Need rain diverter over front door -URGENT

I have an old 3-tab roof with an inverted V rain diverter over the front door. I’m having the roof redone with architectural shingles. The roofing guys say you can’t do a V-shaped diverter with architectural shingles. Will an 11 foot flat diverter really work? Has anyone used a BendTek diverter? Will that work?

Roofers coming Friday and I don’t know whether to go along with the straight diverter or make them go back to 3-tabs shingles or what.

Location is Boston area.



Do not use a straight diverter.

That is what we call a dam.

Dams are a no-no in roofing.

Thanks - I really appreciate your advice.

ask your roofer what they like to do for a rain diverter.
ask them if they have tried a peace of edge metal,
turned upside down .
a 6’ peace over your door should work on three tabs or

good luck.


Hi, Your roofers should be able to duplicate the diverter ,may have to make it a little wider at each end since your new shingles are a little wider than the 3 tabs, if your roofers cannot do it try a local sheet metal shop take a picture and add some measurements to it ect…should be able to fabricate a new one,if you roofers have a brake ,buy them a sheet of copper and have them bend it to match your old one and add to it as needed to fit new shingles,just have to solder one joint in the center of the inverted V— or you may be able to use old one? You can install diverters on all types of shingle roofs hope this helps

I usually use reverse edge metal at a slight angle, never had a problem and looks allot better.

I ditto using the drip edge flipped over. Never had any problems and it blends right in with the roof. A heck of a lot cheaper than having something custom made.

I am always 100% against diverters no matter what i have always seen them collect dirt and granules and eventually causing leaks ,wood rot and shingle deterioration .

Use a gutter instead if possible .

Specially when you have a brand new roof the first rain you will have all those loose granules come down and get stuck on it .

Not to mention other debris as leaves.

On my roofs no diverters sorry :evil:

Hi, everyone and thanks for your advice. My roofer is now saying they can make one from copper. They checked with Certainteed on how to install it properly on architectural shingles. It needs to be 9 - 10 feet wide at the bottom so the rain doesn’t drip on the front porch roof. If it lands on the porch roof, it splashes the windows and siding all around the porch and causes rot, since I have a shady lot. I’ve already had to replace the window trim once due to rot and the wood shingles are showing wear. We don’t want a gutter because it is too high up to easily clean - we have a lot of leaves.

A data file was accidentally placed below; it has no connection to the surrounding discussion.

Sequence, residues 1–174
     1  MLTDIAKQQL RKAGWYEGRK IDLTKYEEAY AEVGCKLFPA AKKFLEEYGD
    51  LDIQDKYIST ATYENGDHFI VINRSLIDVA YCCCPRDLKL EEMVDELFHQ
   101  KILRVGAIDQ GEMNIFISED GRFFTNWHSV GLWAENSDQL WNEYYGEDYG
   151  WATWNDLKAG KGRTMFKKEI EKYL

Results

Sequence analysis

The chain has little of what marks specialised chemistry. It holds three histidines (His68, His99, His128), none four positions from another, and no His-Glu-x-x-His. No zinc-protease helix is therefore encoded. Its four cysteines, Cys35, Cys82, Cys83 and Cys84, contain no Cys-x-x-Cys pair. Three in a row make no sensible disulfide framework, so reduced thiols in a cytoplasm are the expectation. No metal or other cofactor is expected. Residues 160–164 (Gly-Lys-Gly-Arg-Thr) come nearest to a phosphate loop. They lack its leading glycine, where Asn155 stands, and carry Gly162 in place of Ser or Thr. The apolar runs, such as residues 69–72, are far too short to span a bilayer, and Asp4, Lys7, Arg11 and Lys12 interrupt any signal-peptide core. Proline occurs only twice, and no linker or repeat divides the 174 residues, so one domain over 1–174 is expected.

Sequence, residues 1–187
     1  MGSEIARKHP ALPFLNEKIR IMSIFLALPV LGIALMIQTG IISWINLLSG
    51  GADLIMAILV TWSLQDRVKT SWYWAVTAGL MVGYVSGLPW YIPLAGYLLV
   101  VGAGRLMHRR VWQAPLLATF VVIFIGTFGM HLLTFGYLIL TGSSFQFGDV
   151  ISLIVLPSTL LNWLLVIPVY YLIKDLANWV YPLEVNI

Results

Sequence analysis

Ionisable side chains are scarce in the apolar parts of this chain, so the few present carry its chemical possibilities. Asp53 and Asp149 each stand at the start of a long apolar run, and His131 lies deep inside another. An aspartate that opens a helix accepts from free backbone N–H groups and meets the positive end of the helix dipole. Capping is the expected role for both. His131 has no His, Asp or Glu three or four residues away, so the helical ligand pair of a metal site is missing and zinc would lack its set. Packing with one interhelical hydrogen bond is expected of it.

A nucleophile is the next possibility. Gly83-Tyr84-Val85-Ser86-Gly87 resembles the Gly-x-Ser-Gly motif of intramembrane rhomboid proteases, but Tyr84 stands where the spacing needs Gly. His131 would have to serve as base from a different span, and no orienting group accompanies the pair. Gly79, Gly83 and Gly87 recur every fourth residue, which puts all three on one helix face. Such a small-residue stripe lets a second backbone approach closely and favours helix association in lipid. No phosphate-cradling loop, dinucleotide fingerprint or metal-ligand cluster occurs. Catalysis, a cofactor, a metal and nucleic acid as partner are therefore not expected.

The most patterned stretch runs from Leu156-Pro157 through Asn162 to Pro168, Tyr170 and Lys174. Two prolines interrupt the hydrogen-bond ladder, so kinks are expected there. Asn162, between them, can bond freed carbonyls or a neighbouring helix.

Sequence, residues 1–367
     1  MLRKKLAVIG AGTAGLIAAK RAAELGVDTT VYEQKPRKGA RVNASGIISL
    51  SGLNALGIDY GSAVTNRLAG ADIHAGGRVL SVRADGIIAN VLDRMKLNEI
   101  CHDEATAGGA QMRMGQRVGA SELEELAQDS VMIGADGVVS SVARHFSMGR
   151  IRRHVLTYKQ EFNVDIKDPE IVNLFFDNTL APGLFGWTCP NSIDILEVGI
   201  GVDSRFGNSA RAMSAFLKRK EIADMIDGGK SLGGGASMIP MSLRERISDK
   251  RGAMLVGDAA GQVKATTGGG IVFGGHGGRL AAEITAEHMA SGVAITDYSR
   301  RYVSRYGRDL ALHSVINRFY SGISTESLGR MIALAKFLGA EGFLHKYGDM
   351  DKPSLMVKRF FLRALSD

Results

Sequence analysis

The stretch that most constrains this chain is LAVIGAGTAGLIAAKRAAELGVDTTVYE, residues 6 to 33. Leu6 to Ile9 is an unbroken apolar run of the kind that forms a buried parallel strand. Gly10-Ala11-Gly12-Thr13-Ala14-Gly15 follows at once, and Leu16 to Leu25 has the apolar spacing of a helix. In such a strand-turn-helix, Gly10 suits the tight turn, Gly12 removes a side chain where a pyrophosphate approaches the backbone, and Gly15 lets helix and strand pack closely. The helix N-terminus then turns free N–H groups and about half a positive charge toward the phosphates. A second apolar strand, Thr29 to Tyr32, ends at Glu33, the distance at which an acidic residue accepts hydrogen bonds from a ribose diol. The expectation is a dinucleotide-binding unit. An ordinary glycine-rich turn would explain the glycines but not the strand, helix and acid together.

Anyone have an opinion on the angle between the two legs of the V-shaped diverter? It seems to me it should be a pretty steep angle so the leaves tend to wash down rather than pile up.


Has your old diverter worked okay? If so keep at least that amount of fall from center point to each end,if not add a inch or two to each end,I would think 3 to 4"s(maybe more) of fall from center point to each end would work,this should help flush the leaves out of the diverter–Diverters can work quite well in certain situations and at times is the only alternative to alter the flow of rainwater.Plus installing one custom made from copper not only looks good but gives you flexibilty to make it fit the situation.

My old diverter worked well, except that it was too short. It has a pretty steep angle - maybe 3 feet drop on each side, and the overall span is about 8 feet long. As you drive around here, you see a lot of these over doorways and they look fairly steep.

I think I am all set now. I measured the diverter I have by counting the shingles. It is about 7 ft across the bottom of the V and about 3 ft. from top to bottom. It does work pretty well at diverting the water and shedding the leaves. I’ll see if I can get the new one fabricated with a similar drop angle.

Thanks guys for your help.

youll be fine.
just make it like the rest in your area.
dont drive your roofer crazy about this damn diverter
he/she has a whole roof to worry bout.